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Roof Framing

Information related to Chapter 10

Roof Framing 

Roof types 
   

Gable ± Most common, built with ³common´ rafters Hip ± Provides overhang on all four sides Gambrel ± Provides more space on second floor Mansard ± Combination of Hip and Gambrel ShedShed- Frequently used to attach one structure to another

Roof Framing 

Definitions   

Common rafter ± Runs from top plate to ridgeboard of a gable roof Hip rafter ± Runs from corner of top plates to ridgeboard on a hip roof Jack rafter ± any rafter which does not run the full length from plate to ridge ( e.g. ± Hip jack, Valley jack)

always given in terms of 12´ of run (e.Roof Framing  Roof Geometry Definitions      Span ± Measurement from outside of wall to outside of opposite wall Run ± One half of span (for symmetric roofs) Rise ± The total vertical distance that the roof projects above the top plate Slope ± The rise divided by the run. 3 on 12 written 3/12) Pitch ± The rise over the span .g.

Roof Framing      Overhang ± The section of the rafter extending past the edge of the wall Projection ± The horizontal distance that the overhang covers Rafter tail cuts ± Cuts made to form the overhang Birdsmouth ± Cuts made to sit on the top plate Ridge cut ± Cut made to attach to the ridgeboard .

for cathedral ceilings. for spans 24¶-60¶. and spans up to 24¶ Trusses used in most new construction. and most 24¶commonly for lower sloped roofs .Roof Framing  Rafters vs. for full 2nd floor storage. Trusses   Rafters used frequently for remodeling. for shed roof additions.

load.Roof Framing  Sizing Rafters ± Rafter size (like span tables for floor joists) depends on spacing. Sizing of rafters typically based on snow load in Northeast. and span. species. The specific loads come from the International building code .

builder¶s calculator.Roof Framing  Determining rafter lengths ± There are two distances needed for rafter layout   Ridge cut to birdsmouth Ridge cut to tail cut Determining rafter length can be done using calculator. or look-up tables look- .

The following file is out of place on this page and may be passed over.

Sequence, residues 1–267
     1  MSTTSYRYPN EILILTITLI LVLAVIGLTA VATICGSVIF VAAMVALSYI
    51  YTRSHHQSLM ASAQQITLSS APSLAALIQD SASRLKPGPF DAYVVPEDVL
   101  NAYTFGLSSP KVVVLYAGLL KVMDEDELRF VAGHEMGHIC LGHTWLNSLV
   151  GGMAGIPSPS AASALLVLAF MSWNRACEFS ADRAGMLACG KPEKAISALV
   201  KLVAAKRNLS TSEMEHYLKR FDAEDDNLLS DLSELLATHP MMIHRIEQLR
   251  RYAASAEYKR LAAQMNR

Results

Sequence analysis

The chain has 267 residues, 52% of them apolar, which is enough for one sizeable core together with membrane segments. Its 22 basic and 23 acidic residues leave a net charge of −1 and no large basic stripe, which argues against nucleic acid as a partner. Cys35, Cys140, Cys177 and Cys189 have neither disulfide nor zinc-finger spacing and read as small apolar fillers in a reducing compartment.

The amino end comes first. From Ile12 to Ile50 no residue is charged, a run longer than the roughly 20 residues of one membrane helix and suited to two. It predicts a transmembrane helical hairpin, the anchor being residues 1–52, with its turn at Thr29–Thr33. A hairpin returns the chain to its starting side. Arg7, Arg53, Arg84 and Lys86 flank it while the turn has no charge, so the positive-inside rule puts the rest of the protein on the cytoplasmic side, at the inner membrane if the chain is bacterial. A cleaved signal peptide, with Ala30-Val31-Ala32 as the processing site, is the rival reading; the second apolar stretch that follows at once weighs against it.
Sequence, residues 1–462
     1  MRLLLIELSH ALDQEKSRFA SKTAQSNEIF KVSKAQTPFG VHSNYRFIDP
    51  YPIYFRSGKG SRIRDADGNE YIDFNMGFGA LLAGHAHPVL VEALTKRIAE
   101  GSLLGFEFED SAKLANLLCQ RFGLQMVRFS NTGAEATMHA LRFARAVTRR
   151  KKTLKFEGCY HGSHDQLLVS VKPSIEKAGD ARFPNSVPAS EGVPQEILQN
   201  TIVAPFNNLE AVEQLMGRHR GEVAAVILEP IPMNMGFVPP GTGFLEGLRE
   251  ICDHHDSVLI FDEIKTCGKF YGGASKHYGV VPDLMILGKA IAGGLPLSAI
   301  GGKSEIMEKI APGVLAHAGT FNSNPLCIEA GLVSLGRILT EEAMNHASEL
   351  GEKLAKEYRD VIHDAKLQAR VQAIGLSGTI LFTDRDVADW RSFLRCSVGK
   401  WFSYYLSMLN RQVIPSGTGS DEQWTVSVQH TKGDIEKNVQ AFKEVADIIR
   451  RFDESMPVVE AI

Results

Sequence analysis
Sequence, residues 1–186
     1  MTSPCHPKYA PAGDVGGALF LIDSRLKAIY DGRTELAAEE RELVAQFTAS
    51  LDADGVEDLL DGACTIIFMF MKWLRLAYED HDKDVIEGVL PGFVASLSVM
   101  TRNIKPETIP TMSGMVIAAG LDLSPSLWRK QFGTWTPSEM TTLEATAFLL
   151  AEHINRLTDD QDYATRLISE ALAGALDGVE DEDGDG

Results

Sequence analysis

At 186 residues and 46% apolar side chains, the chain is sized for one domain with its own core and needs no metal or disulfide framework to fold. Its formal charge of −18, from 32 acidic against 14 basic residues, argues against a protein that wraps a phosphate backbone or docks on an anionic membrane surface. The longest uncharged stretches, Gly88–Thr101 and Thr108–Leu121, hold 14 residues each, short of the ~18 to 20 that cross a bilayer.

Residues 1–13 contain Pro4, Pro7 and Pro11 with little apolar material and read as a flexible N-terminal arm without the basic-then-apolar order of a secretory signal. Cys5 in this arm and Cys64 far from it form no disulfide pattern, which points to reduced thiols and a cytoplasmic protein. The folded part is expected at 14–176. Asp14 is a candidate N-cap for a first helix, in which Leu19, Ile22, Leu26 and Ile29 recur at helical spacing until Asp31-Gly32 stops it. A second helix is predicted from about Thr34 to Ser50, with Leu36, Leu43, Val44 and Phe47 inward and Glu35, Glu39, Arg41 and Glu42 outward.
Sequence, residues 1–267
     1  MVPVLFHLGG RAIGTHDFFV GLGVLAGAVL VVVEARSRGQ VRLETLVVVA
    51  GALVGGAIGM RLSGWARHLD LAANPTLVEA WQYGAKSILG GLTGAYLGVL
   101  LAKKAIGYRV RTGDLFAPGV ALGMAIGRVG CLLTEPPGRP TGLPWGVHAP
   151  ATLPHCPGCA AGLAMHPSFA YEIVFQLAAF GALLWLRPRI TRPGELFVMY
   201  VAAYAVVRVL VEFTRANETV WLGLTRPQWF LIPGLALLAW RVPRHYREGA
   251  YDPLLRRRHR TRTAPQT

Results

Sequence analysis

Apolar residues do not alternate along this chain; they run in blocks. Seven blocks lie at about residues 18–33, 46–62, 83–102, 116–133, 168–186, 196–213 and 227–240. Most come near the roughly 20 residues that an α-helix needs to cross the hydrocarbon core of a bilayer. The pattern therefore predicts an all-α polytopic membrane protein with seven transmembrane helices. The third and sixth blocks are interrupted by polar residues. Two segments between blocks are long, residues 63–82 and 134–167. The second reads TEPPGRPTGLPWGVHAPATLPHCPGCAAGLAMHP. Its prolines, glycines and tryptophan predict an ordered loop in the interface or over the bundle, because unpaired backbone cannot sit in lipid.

The carpenter can use this information to avoid the need to work with trigonometric functions. the ³rafter square´ contains tables that are inscribed in the square. hips. The square includes info for common rafters. . valleys and jacks.Roof Framing  To calculate the rafter length.

Roof Framing  For example: .

Roof Framing .

and tail need cheek cuts. with some important differences. or some modification or the top surface needs to be beveled . not 12 The ridge. birdsmouth.Roof Framing  Hips and Valley rafters can also be calculated and laid out using the rafter square.   The unit run is 17.

and the length of that diagonal is 17´ for each 12´ of run of the common rafters. .Roof Framing  The Hip (or Valley) rafter forms a diagonal on the roof.

Roof Framing  The ridge cut is modified to fit into the space between the common rafters .

or the top of the rafter beveled to account for the centerline being lower than the edges of the rafter .Roof Framing  The Birdsmouth must be dropped.

Roof Framing  The tailcuts will be beveled for solid nailing at the outside corner. For Hip rafters this is an outside corner. . and for valley rafters this is an inside corner.

Roof Framing .

Roof Framing .

Roof Framing  Jack rafters have a cheek cut where they meet the hip or valley. . Each one is shorter than the last by a ³common difference´.

Roof Framing  The concept of ³common difference´ will also be applied when cutting gable end studs. .

Roof Framing .

They are framed with common rafters. .Roof Framing  Dormers ± Most dormers are either shed or gable dormers.

Roof Framing  Where shed or gable dormers meet the main roof. . the rafters must be cut to create either a valley or break.

However the overhangs are framed differently for trusses than for rafters. .Roof Framing  Gable end overhangs ± Both rafter and truss roofs commonly use gable end overhangs.

It is very rare that anyone site builds a truss today. .Roof Framing  The vast majority of new construction uses trusses for the roof framing. and delivered to the site ready to be erected. Each truss is designed for the individual characteristics of the job.

Roof Framing  There are a number of important points in building a truss roof:     Proper handling Proper lifting and setting Proper temporary bracing Proper permanent bracing  These are explained in a HIB 91. Also notes will be found on the paper that comes with the trusses .

Side loading. heat.Roof Framing  Proper Handling ± Trusses are made of small dimension lumber connected by metal plates. shock loading can damage metal plates and greatly weaken truss. .

Roof Framing  Proper lifting and setting ± A truss erection plan will show the location of each numbered truss. .

Temporary bracing stays in place until the roof is sheathed and the permanent bracing is installed.Roof Framing  Proper temporary bracing ± The most common cause of truss collapse is insufficient or improper temporary bracing. .

 .Roof Framing  47 MPH wind speed for a period of 1 minute.

Compression members will buckle easily (and truss will not develop its design strength) if not properly braced. This can be done with continuous lateral or individual T bracing .Roof Framing  Permanent Bracing ± This is usually shown on the truss erection diagram.